I woke up at 9:30 am, and did my Book Devotional Reading. I then read the Thursday papers. I next printed out on heavy stock the cards of various kinds that I keep in my hat and wallet. I then did my Internet Devotional Reading and said the Seventh Day of my Novena to Our Lady of Mount Carmel.
Richard and I left the house at 1:30 pm, and ate Chinese for lunch at Peking. We then went to Wal-Mart, where Richard purchased my salad supplies. We arrived home at 2;30 pm, and I laminated my cards for my hat and wallet and stowed them in my hat and wallet. I then ironed my Casino pants, apron, and shirts, and made my lunch salads for Saturday and Sunday. Richard went to bed at 4:00 pm, and I watched Jeopardy! at 4:30 pm. And now, when I finish this Daily Update, I will join Richard in bed.
Tomorrow is the Memorial of Saint Kateri Tekakwitha, Virgin (died 1680) (it would also be the Optional Memorial of Saint Camillus de Lellis, Priest (died 1614), but in America his feast has been moved to July 18th), and is also Bastille Day, which celebrates the storming of the Bastille Prison in Paris in 1789 (commonly held to be the beginning of the French Revolution) and the first Fête de la Fédération, a celebration to commemorate the first anniversary of the Storming of the Bastille and the unity of the French Nation during the French Revolution, in 1790. Richard and I will return to the casino for the start of our work week, and on my breaks I will continue reading Sycamore Row by John Grisham via Kindle on my tablet. In the afternoon I will catch up on some stuff on the computer.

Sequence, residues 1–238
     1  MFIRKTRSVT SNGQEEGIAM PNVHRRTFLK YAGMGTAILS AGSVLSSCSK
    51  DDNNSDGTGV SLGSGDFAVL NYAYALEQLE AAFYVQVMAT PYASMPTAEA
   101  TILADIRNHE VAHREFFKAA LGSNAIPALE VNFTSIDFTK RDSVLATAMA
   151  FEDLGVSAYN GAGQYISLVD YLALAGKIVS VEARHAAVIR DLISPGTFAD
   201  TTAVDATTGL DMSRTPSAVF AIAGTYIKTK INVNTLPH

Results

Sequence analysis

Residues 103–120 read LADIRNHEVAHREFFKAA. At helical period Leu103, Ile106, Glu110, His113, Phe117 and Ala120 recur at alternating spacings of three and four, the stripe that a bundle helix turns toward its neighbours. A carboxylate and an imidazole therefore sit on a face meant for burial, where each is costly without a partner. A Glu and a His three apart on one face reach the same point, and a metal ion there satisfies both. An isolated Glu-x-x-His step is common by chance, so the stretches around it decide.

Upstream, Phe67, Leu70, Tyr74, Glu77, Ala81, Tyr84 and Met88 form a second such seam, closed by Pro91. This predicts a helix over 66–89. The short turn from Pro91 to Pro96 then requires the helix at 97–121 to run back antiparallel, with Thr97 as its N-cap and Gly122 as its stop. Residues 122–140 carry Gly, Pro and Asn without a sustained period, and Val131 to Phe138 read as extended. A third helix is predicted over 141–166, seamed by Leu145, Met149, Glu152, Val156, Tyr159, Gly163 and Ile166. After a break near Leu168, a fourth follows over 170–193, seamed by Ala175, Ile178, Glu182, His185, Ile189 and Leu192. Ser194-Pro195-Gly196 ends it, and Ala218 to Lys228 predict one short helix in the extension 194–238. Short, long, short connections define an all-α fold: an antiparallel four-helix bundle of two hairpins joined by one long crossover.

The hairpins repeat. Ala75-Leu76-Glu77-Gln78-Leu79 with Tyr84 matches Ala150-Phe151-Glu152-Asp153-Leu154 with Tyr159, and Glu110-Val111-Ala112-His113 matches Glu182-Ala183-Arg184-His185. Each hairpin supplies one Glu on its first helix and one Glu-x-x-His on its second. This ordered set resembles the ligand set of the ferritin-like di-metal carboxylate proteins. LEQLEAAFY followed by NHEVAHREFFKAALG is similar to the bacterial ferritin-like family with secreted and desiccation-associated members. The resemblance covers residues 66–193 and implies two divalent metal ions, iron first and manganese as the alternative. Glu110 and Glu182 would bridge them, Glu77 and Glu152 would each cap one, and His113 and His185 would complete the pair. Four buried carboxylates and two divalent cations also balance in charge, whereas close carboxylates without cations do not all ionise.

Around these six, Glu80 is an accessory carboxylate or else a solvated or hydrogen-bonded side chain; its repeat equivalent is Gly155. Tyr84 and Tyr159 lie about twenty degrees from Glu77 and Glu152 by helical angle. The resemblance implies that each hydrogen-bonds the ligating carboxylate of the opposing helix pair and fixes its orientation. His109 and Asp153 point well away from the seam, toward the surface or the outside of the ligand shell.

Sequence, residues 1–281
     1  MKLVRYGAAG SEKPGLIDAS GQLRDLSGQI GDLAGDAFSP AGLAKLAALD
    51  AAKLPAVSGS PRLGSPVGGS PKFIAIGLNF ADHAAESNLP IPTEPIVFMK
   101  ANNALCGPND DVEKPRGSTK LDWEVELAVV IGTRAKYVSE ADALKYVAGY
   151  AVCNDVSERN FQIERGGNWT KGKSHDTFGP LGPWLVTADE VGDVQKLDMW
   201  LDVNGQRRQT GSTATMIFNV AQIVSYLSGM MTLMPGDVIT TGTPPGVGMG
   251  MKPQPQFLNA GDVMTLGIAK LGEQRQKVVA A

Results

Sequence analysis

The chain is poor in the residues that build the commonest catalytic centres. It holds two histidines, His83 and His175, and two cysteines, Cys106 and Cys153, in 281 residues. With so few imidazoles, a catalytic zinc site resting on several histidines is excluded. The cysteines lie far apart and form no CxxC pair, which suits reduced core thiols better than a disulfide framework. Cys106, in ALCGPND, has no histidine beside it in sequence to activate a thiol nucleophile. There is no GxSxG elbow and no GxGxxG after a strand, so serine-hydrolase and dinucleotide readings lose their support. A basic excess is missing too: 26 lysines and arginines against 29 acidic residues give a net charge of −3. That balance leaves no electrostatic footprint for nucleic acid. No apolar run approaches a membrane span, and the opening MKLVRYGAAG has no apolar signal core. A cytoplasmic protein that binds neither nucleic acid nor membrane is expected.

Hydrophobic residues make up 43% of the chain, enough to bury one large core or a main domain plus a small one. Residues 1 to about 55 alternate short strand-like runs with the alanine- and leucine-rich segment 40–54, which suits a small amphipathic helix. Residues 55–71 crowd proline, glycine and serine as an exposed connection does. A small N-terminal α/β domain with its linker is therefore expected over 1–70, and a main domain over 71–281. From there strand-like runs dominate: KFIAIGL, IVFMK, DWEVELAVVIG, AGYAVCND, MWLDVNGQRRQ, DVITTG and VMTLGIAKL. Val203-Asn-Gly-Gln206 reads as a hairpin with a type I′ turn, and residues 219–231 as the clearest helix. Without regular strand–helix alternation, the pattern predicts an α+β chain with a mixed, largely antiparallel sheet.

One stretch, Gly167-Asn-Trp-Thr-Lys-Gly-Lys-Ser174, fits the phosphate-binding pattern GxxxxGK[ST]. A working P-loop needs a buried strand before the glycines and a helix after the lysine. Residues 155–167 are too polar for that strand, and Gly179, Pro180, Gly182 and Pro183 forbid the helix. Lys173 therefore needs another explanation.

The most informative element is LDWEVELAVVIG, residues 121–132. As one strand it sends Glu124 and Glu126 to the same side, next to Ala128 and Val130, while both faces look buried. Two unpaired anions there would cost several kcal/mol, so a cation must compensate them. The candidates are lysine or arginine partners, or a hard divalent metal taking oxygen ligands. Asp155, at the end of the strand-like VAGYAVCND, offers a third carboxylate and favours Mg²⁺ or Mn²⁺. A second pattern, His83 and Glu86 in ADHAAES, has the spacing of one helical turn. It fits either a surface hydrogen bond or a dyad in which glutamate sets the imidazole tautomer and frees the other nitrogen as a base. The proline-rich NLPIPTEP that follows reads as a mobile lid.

Our Parting Quote on this Thursday afternoon is from Liu Xiaobo, Chinese literary critic, writer, human rights activist and Nobel Peace Prize laureate. Born in 1955 in Changchun, Jilin, in 1982 (as in common in Eastern naming conventions, his family name was Liu, and his personal name was Xiaobo), he graduated with a BA in literature from Jilin University before being admitted as a research student at the Department of Chinese Literature at Beijing Normal University, where he received an MA in literature in 1984 and started teaching as a lecturer thereafter. That year, he married Tao Li, with whom he had a son named Liu Tao in 1985. In 1986 Liu started his doctoral study program and published his literary critiques in various magazines. He became well known as a “dark horse” for his radical opinions and sharp comments on the official doctrines and establishments. This shocked both literary and ideological circles, and his influence on Chinese intellectuals was dubbed “Liu Xiaobo Shock” or “Liu Xiaobo Phenomenon” In 1987 his first book, Criticism of the Choice: Dialogues with Li Zehou, was published and became a bestseller in non-fiction. It comprehensively criticised the Chinese tradition of Confucianism and posed a frank challenge to Li Zehou, a rising ideological star who had a strong influence on young intellectuals in China at the time. In June 1988 Liu received a PhD in literature. His doctoral thesis, Aesthetic and Human Freedom, passed the examination unanimously and was published as his second book. In the same year he became a lecturer at the same department. He soon became a visiting scholar at several universities, including Columbia University, the University of Oslo, and the University of Hawaii. During the 1989 Tiananmen Square protests, Liu was in the United States but decided to return to China to join the movement. He was later named as one of the “four junzis (righteous men) of Tiananmen Square” for persuading students to leave the square and thus saving hundreds of lives in the ensuing massacre. That year saw also the publication of his third book, The Fog of Metaphysics, a comprehensive review on Western philosophies. Soon, all of his works were banned. He was imprisoned for the first time from 1989 to 1991; after his release, he was divorced and eventually his ex-wife and son immigrated to the United States. He resumed his writing, mostly on human rights and political issues though he was not been allowed to publish in Mainland China. In 1992, in Taiwan, he published his first book after his imprisonment, The Monologues of a Doomsday’s Survivor, a controversial memoir with his confessions and political criticism on the popular movement in 1989. In January 1993 Liu was invited to visit Australia and the United States for the interviews in the documentary film Gate of Heavenly Peace. Although many of his friends suggested that he take refuge abroad, Liu returned to China in May 1993 and continued his freelance writing. He was the president of Minzhu Zhongguo (Democratic China) magazine since the mid-1990s. On May 18th, 1995, the police took Liu into custody for launching a petition campaign on the eve of the sixth anniversary of the June 4th massacre calling on the government to reassess the event and to initiate political reform. He was held under residential surveillance in the suburbs of Beijing for nine months. He was released in February 1996 but arrested again on October 8th for an October Tenth Declaration, co-authored by him and another prominent dissident Wang Xizhe, mainly on the Taiwan issue that advocated a peaceful reunification in order to oppose the Chinese Communist Party’s forceful threats towards the island. He was ordered to serve three years of re-education through labor “for disturbing public order” for that statement. In 1996 at the labor camp, Liu married Liu Xia. Because she was the only person from the outside who could visit him in prison, she was called his “most important link to the outside world.” After his release on October 9th, 1999, Liu Xiaobo resumed his freelance writing. However, it was reported that the government built a sentry station next to his home and his phone calls and internet connections were tapped. In 2000, Liu published in Taiwan the book A Nation That Lies to Conscience, a book of political criticism. Also published in Hong Kong was Selection of Poems, a collection of poems as correspondences between him and his wife during his imprisonment; it was co-authored by Liu and his wife. In 2003, when he started to write a Human Rights Report of China at home, Liu’s computer, letters and documents were confiscated by the government. He served as the President of the Independent Chinese PEN Center, from 2003 to 2007. In 2004 Reporters Without Borders awarded him the Fondation de France Prize as a defender of press freedom. On December 8th, 2008, Liu was detained due to his participation with the Charter 08 manifesto (a manifesto released to coincide with the 60th anniversary of the adoption of the Universal Declaration of Human Rights. It was written in the style of the Czechoslovak Charter 77, calling for more freedom of expression, human rights, more democratic elections, for privatizing state enterprises and land and for economic liberalism.) He was formally arrested on June 23rd, 2009 on suspicion of “inciting subversion of state power”. He was tried on the same charges on December 23rd, 2009, and sentenced to eleven years’ imprisonment and two years’ deprivation of political rights on December 25th, 2009. During his fourth prison term, Liu was awarded the 2010 Nobel Peace Prize for “his long and non-violent struggle for fundamental human rights in China.” He was the first Chinese citizen to be awarded a Nobel Prize of any kind while residing in China, and the third person to have been awarded the Nobel Peace Prize while in prison or detention, after Germany’s Carl von Ossietzky (1935) and Burma’s Aung San Suu Kyi (1991). Liu was also the second person to have been denied the right to have a representative collect the Nobel Prize for him, the first being the 1935 winner, German pacifist Carl von Ossietzky, who died in a Nazi concentration camp. On June 26th, 2017, he was granted medical parole after being diagnosed with terminal liver cancer (died 2017): “I hope that I will be the last victim in China’s long record of treating words as crimes. Free expression is the base of human rights, the root of human nature and the mother of truth. To kill free speech is to insult human rights, to stifle human nature and to suppress truth.”